Dr. Anthony Fauci, the Biden administration's chief medical adviser, said Monday that Covid-19 vaccine passports are "not going to be mandated from the federal government."
"I doubt that the federal government will be the main mover of a vaccine passport concept," Fauci, who heads the National Institute of Allergy and Infectious Diseases, said in an interview on the "Politico Dispatch" podcast.
It could be a different story, however, with individual entities like theaters or educational institutions.
"You could foresee how an independent entity might say, 'Well, we can't be dealing with you unless we know you're vaccinated.' But it's not going to be mandated from the federal government," Fauci said.
The interview came amid a rising number of coronavirus cases in the U.S. for a third straight week and fears of a potential fourth surge.
That surge could be prevented, Fauci said, with continued progress on Americans getting inoculated and sustained public health measures to contain the virus. Fauci pointed to the need to "put your foot on the accelerator when it comes to vaccinations"—which he called "incredibly efficacious." But "we can't declare victory prematurely," he added, cautioning against the lifting of coronavirus restrictions just yet.
Fauci's comments came amid swirling criticism from the left and right over the idea of vaccine passports.
The effort, though, is already underway in some parts of the world, as France24 reported:
Some countries have already introduced such policies, with Iceland becoming the first European nation to issue vaccine certificates in late January. Greece on Tuesday unveiled a digital vaccination certificate for those who have received two doses of the vaccine. Among the countries that are currently issuing or asking for vaccine certificates are Cyprus, the Czech Republic, Denmark, Estonia, Hungary, Italy, Poland, Portugal, Slovakia, Spain, and Sweden.
Across the English Channel, Prime Minister Boris Johnson announced Monday his government would consider Covid-19 "status certificates" as a pathway out of the health crisis.
In the U.S., the concept of a vaccine passport isn't popular; just 44% of likely voters back the idea, according to a Rasmussen poll out last week. Bolstering such lackluster support are privacy concerns about vaccination documents. From PBS NewsHour:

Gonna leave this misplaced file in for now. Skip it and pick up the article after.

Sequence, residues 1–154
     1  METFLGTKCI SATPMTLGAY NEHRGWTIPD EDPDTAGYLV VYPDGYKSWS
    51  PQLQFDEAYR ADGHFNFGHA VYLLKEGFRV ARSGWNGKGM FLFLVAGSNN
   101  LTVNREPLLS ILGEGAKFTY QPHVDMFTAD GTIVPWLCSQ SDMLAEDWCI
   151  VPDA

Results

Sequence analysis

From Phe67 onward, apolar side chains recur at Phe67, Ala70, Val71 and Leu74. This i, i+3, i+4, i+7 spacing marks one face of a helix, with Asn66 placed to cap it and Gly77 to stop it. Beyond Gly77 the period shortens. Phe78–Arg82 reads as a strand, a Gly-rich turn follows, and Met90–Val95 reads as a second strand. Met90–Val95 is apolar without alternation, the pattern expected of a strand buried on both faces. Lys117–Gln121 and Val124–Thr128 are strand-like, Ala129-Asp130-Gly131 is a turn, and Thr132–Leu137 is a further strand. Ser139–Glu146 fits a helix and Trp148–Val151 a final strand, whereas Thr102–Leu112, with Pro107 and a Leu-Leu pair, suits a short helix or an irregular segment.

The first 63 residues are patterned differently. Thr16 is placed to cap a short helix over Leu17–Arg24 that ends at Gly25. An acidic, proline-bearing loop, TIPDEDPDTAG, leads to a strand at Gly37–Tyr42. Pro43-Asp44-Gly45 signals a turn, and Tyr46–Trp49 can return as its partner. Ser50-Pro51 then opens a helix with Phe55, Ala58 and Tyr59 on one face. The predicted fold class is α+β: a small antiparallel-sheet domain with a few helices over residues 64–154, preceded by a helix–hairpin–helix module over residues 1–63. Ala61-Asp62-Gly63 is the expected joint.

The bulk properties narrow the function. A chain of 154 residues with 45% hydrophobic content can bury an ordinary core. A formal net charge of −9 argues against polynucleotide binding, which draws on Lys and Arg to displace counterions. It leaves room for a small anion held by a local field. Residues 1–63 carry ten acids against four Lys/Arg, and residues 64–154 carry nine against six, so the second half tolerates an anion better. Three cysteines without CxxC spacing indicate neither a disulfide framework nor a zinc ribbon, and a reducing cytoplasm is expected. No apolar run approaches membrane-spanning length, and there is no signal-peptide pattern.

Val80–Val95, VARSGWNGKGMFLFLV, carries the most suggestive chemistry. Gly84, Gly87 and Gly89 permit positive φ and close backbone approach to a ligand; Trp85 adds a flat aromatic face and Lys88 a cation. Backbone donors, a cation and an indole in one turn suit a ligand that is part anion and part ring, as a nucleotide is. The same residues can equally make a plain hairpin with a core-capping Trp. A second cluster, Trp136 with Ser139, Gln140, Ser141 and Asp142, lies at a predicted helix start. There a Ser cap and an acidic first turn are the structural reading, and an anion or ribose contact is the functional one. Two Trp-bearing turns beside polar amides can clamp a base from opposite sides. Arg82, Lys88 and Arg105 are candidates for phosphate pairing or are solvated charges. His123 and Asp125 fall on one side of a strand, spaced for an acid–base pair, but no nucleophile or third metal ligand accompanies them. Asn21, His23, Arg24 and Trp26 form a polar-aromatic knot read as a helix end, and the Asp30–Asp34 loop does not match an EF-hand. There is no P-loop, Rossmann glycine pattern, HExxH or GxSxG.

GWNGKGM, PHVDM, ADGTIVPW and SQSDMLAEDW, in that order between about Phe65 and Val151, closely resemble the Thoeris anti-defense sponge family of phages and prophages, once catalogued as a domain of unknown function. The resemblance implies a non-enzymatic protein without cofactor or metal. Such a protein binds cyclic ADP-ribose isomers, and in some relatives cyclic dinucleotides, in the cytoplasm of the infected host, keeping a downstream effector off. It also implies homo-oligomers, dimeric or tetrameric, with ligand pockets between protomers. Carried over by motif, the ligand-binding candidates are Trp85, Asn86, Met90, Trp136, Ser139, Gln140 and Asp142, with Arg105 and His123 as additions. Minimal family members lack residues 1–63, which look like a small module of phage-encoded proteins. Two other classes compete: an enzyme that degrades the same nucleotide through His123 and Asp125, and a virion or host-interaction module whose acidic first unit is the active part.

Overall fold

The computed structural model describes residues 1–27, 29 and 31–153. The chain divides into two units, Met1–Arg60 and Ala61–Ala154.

[T]here are growing concerns about data privacy as documents verifying Covid-19 vaccination would exist and generally be accessed digitally. These digital health records would operate outside of the Health Insurance Portability and Accountability Act of 1996, or HIPAA, which protects people's private medical information from being disclosed by healthcare providers, health plans, or businesses. And there are instances when HIPAA allows that information to be released, such as when it is in the public interest. More broadly, some people are concerned that their data could be used against them by law enforcement, accessed by hackers, or sold to third-party vendors if regulators fail to offer appropriate oversight.
Further concerns, according to The Lancet, are that vaccine "certificates" threaten to exacerbate vaccine inequality. An editorial this month explained:
From a societal standpoint, granting vaccine certificate bearers access to select activities, venues, or international travel would undoubtedly provide impetus to the reopening of some sectors of the economy, such as hospitality, non-essential retail, and tourism. But it also risks generating hierarchical societies in which vaccinated individuals have exclusive privileges that are denied to those who have not received the vaccine. In countries where vaccine rollout is advancing rapidly, this inequity might be resolved in few months, but elsewhere it could be protracted for longer periods. And at an international level, against the backdrop of the currently limited availability of Covid-19 vaccine doses and their inequitable global distribution, the deployment of vaccine certificates for travel will afford citizens of high-income countries greater freedom of movement than citizens of low-income and middle-income countries.
At a Monday press briefing, meanwhile, Centers for Disease Control and Prevention director Dr. Rochelle Walensky expressed concern the nation is "entering our fourth week of increased trends and cases." But the positive news, she said, is that an increasing number of Americans are being vaccinated against Covid-19.
"To date, more than 106 million people have received at least one dose, and more than 61.4 million, or 18.5%, are fully vaccinated," said Walensky.
She pointed to a February event at a bar in Illinois that's been linked to 46 Covid-19 cases as a reminder of "the continued need for layer prevention strategies," including mask-wearing and physical distancing.